In Reform Judaism and among non-observant families, Seders present opportunities for sharing the tradition of Passover with non-Jews. Orthodox families, however, generally observe the tradition that only those obligated to bring the Passover sacrifice to the Temple may participate in the feast.
Note: The commandments regarding Passover are not observed strictly by most Jews. However, for Orthodox Jews, they represent an important and sacred obligation.
When the Temple was standing, the focus of the Passover festival was the Korban Pesach (lit. "Pesach sacrifice," also known as the "Paschal Lamb"). Every family or extended family was required to offer a young lamb or kid at the Jewish Temple on the afternoon of the fourteenth day of Nisan (Numbers 9:11) and eat it that night. Among those who could not offer or eat the Korban Pesach were: An apostate (Exodus 12:43), a servant (Exodus 12:45), an uncircumcised man (Exodus 12:48), a person in a state of ritual impurity. Women were obligated, as men, to perform the Korban Pesach and to participate in a Seder.
Today, in the absence of the Temple, the mitzvah of the Korban Pesach is memorialized in the form of a symbolic food placed on the Passover Seder Plate, which is usually a roasted shankbone. Ashkenazic Jews have a custom of not eating lamb or goat during the Seder in deference to the absence of the Temple. Many Sephardic Jews, however, have the opposite custom of eating lamb or goat meat during the Seder in memory of the Korban Pesach.
The eating of matzo figures prominently in the Passover Seder. There are several explanations for the eating of matzo on Passover. Many hold that it is because the Hebrews left Egypt with such haste that there was no time to allow the bread to rise and thus flat bread, matzo, is a reminder of the Exodus. Other scholars teach that in the time of the Exodus, matzo was commonly baked for the purpose of traveling because it preserved well and was light to carry. They suggest that matzo was baked intentionally for the long journey ahead.
Chametz (חמץ, "leavening") refers to either a grain product that is already fermented (e.g., bread, cake, and pasta) or a substance that can ferment grain products (e.g., yeast or sourdough).
The Torah commandments regarding chametz are:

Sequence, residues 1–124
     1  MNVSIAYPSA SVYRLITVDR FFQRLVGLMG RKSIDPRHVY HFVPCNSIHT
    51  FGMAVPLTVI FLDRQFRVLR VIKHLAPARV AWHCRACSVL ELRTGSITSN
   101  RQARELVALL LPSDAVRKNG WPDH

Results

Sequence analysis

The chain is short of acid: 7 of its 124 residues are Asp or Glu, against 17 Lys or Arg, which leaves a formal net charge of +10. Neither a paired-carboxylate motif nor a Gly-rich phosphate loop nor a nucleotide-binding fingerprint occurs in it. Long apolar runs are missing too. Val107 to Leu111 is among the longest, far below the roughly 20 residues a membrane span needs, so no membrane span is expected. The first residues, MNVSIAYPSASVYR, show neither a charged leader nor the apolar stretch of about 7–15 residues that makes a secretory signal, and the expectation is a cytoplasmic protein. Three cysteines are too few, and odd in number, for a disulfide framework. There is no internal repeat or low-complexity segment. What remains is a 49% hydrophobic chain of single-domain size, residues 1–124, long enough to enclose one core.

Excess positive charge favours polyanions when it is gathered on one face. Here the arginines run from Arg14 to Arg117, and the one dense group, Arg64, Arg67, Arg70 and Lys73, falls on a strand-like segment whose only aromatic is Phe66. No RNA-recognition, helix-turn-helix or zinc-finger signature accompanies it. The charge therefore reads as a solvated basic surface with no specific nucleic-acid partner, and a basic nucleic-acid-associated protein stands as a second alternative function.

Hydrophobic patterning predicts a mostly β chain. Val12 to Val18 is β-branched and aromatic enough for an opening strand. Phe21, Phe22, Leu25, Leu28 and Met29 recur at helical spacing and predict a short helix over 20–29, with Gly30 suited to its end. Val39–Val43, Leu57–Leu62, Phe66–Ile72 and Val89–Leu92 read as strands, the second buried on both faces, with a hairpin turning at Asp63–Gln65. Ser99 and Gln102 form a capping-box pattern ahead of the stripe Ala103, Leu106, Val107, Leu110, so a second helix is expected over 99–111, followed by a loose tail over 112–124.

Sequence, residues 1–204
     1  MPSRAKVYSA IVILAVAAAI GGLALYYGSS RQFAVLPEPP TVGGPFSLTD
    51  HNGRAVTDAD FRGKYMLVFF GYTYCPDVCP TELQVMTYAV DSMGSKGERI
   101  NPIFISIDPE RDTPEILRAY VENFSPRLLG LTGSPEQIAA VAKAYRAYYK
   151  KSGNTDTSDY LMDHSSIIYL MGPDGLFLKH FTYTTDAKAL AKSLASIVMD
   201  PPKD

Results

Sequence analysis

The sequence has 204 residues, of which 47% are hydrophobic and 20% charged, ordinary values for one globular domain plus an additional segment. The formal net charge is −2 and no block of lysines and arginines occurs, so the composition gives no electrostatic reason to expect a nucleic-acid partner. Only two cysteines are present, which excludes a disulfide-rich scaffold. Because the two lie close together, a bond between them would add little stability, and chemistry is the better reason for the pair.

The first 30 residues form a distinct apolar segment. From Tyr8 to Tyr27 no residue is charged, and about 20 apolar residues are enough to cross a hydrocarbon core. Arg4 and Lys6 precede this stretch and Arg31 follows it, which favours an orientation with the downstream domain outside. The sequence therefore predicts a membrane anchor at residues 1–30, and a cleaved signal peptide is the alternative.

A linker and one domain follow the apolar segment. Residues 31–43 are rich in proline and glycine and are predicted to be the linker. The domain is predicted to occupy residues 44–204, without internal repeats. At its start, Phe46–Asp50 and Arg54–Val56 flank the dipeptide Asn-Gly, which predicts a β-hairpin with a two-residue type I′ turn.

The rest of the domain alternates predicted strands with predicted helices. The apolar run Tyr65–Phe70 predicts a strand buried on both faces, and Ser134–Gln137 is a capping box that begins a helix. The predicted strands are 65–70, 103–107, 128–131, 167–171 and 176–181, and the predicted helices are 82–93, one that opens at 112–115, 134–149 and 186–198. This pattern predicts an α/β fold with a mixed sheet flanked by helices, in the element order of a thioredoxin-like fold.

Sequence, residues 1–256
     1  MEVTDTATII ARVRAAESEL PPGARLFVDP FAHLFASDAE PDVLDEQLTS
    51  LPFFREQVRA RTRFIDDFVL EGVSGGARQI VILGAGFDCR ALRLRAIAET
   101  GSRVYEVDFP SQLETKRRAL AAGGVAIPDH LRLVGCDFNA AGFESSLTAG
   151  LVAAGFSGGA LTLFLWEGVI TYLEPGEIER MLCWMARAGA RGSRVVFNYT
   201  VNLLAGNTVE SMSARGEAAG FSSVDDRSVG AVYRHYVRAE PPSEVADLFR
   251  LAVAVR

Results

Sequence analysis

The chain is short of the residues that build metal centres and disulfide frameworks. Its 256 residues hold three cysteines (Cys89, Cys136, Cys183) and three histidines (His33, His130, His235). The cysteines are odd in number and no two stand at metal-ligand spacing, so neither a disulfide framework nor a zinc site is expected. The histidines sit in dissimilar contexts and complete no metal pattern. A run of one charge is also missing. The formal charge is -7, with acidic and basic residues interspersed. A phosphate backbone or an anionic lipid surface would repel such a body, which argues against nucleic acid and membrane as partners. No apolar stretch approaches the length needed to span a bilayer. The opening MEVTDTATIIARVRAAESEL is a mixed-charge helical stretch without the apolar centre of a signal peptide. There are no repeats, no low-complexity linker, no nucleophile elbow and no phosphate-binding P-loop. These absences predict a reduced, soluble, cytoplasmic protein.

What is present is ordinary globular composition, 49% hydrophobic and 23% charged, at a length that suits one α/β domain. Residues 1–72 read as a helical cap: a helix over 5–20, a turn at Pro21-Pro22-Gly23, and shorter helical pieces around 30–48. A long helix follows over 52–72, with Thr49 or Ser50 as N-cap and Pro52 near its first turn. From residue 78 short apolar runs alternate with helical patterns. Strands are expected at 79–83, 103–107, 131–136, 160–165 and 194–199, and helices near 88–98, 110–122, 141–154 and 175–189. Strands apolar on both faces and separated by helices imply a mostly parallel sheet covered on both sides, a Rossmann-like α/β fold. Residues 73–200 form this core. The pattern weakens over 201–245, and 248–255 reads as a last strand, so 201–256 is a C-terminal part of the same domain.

Traditionally, during Passover, the only grain product that can be owned or eaten is one in which flour and water have not combined for more than 18-22 minutes.
The Israelites were commanded to eat Maror, bitter herbs (typically, horseradish or romaine lettuce), together with matzo and the Passover sacrifice Exodus 12:8. In the absence of the Temple, Jews cannot bring the Passover sacrifice. This commandment is fulfilled today by the eating of Maror both by itself and together with matzo in a Koreich-sandwich during the Passover Seder.
Though not commanded in the Torah itself, there is a rabbinic tradition, considered binding on observant Jews, to drink four cups of wine (or pure grape juice) during the Seder. This applies to both men and women. The Mishnah says (Pes. 10:1) that even the poorest man in Israel has an obligation to drink. Each cup is connected to a different part of the Seder: The First Cup is for Kiddush, the Second Cup is connected with the recounting of the Exodus, the drinking of the Third Cup concludes the meal and the Fourth Cup is associated with Hallel, the hymn of thanksgiving.
In accordance with the mitzvah of not eating or owning leavened products during Passover, strictly religious Jewish families typically spend the weeks before the holiday in a flurry of housecleaning. The purpose is to remove every morsel of fermented grain products (called chametz) from all the cupboards and corners in the home. The search for chametz is often a thorough one, as children's rooms and kitchens are cleaned from top to bottom and forgotten packages or pieces of cookies or crackers are uncovered under beds and inside closets. Although many ensure that not even a crumb of chametz remains, the Halakha only requires the elimination of olive-sized quantities of leavening from one's possession.
Meanwhile, the family attempts to consume or dispose of all edible chametz products (like bread, pasta, cookies, soup mixes, and even non-kosher-for-Passover matzo) so as to have nothing left by the morning before the holiday begins.
After dark on the 14th of Nisan, a formal search for leavened products (bedikat chametz) is conducted. The head of the house reads a blessing (על ביעור חמץ - al biyur chametz, "on the removal of chametz") and proceeds to go from room to room and cupboard to cupboard to make sure that no crumbs remain in any corner. There is a custom to turn off the lights in the room being searched and conduct the search using candlelight, a feather and a wooden spoon. Candlelight effectively illuminates corners without casting shadows; the feather can dust crumbs out of their hiding places; and the wooden spoon which collects the crumbs can be burned the next day with the chametz.
Traditionally, ten morsels of bread are carefully wrapped in aluminum foil or plastic and "hidden" around the house before the search begins. This ensures that the head of the house will find some chametz so that his blessing will not be in vain.